Monthly Archives: November 2012

Harmony Between Limbic System and Frontal Lobe

We all know that feeling when things seem in sync, in harmony, and we are at peace. You may have heard the phrase “I am one with the world” that humans use to describe such inner balance. What a great feeling that is.

Unfortunately, we tend to live a fair amount of our lives out of balance as we chase the next, often small priority, task in our day. We live our lives with a sense of worry and chronic anxiety. Our bodies communicate such worry to us in the form of migraine headaches, irritable bowel syndrome, sleep disorder, irritability, ulcer and mood disorder.

The brain has two distinct, but integrated systems that facilitate such balance or imbalance. The first is known as the limbic system that provides our emotional being and serves as a type of “hot area of the brain.” This part of our brain can cause that inner sense of doom and gloom and set off the “fight or flight” reaction. It is called hot because of its emotionality that can also be impulsive and get us into some trouble in daily life.

The other brain region is the frontal lobe thought by some to be the cold analytic part of our being. This is the part of our being that helps to keep us socially graceful, rule abiding, and capable of conforming to civil order.

The goal in life is to balance these two regions, the hot limbic system with the cold analytic frontal lobe. Sometimes we are able to accomplish such a balance and integration and when this occurs we feel that inner sense of “oneness.” Crisis can integrate these regions quickly, which is why we tend to immediately prioritize those things that are most important in our lives and live in the moment during crisis. The goal needs to be to get to such integration without the crisis.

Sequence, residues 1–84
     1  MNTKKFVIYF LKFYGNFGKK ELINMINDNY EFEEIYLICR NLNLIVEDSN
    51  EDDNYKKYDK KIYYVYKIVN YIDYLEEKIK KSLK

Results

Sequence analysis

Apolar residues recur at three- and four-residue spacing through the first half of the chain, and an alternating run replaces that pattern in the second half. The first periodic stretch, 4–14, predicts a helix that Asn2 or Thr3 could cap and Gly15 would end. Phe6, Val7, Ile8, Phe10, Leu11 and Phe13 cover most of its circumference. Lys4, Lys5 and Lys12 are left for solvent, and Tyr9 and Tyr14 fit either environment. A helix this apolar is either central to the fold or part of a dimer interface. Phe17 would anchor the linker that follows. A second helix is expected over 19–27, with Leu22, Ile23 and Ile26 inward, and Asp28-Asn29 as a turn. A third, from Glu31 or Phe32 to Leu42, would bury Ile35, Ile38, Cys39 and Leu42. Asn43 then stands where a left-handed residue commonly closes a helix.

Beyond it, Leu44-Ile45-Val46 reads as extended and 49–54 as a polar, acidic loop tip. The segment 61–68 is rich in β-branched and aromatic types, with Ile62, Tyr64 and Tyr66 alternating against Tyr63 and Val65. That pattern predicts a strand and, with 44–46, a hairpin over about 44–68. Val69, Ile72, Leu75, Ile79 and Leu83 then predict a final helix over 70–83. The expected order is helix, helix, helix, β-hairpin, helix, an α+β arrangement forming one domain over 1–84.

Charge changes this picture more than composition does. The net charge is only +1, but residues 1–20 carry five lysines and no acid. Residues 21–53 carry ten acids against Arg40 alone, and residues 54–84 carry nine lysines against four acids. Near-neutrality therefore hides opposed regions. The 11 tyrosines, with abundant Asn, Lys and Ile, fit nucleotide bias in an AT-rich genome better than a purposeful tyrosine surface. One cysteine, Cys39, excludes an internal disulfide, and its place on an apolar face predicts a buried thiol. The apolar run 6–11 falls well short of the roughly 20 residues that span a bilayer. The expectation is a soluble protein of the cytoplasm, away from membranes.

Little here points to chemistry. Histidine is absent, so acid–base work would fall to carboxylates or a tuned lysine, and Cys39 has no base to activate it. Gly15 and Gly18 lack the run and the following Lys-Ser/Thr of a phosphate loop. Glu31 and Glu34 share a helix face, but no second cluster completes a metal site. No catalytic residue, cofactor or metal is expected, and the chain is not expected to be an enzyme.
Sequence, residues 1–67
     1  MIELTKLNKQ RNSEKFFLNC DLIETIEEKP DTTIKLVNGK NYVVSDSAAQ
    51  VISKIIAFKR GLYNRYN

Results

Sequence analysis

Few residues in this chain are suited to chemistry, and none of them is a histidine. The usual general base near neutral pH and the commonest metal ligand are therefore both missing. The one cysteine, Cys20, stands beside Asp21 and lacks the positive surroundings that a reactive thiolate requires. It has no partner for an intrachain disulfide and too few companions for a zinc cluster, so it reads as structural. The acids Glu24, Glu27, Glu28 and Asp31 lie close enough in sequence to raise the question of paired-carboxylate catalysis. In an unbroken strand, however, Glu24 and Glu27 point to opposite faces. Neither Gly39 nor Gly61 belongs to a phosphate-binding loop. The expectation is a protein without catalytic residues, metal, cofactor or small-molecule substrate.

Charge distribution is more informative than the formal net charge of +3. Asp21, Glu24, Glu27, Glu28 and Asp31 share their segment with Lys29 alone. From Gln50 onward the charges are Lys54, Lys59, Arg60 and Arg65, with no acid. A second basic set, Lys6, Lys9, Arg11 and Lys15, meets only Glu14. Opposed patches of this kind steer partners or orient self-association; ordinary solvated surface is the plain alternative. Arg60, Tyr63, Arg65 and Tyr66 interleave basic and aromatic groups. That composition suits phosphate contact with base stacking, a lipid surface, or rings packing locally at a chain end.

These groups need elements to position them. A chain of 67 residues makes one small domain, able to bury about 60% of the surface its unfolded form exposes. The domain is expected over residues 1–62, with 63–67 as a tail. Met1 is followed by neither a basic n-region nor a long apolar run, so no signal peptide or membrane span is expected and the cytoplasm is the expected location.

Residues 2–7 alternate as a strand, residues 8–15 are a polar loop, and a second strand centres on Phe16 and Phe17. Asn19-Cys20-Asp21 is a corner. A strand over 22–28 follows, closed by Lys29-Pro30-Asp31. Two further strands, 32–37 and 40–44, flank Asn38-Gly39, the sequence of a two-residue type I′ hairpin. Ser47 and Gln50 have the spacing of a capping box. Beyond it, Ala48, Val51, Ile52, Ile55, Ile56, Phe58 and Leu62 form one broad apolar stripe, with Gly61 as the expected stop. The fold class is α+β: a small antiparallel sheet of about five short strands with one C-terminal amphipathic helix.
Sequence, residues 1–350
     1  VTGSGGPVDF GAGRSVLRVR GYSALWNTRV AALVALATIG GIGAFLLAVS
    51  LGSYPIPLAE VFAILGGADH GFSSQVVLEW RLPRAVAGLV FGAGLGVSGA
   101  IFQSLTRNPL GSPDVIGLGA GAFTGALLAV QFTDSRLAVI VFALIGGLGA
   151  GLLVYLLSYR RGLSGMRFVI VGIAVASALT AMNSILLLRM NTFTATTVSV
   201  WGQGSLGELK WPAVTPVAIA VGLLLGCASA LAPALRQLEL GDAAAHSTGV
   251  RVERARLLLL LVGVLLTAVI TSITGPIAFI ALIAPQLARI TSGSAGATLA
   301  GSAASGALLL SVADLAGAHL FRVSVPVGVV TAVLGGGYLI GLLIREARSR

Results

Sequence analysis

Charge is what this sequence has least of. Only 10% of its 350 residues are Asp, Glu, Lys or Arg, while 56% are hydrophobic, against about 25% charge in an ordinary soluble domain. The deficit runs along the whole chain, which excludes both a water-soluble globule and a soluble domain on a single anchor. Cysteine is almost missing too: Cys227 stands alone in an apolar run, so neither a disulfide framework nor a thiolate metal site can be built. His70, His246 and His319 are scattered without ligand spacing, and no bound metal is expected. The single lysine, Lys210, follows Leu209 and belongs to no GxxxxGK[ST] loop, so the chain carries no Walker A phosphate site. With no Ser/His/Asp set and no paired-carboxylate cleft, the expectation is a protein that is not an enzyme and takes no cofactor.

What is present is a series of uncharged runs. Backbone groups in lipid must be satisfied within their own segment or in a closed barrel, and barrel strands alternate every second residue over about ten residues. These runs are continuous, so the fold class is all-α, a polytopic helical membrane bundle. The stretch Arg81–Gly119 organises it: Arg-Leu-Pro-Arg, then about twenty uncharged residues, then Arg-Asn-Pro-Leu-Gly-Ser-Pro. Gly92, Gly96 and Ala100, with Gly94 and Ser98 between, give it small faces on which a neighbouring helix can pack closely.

Some steps to consider include: (1) try to be in the moment and develop a consciousness about your inner balance; (2) are you approaching your day too emotional or too “hot” or are you “too cold” and overly analytic; (3) remind yourself of what is really important and what is not; (4) make an attempt to release those things that are not worthy of your energy or attention; (5) free up space and time in your life; (6) give things away; (7) be forgiving; (8) pray and meditate daily; (9) work on what your role and purpose is in life; (10) rely on love as the primary emotion and behavior.

These steps will set you on a path towards inner balance and to getting your limbic system happily integrated with your frontal lobe!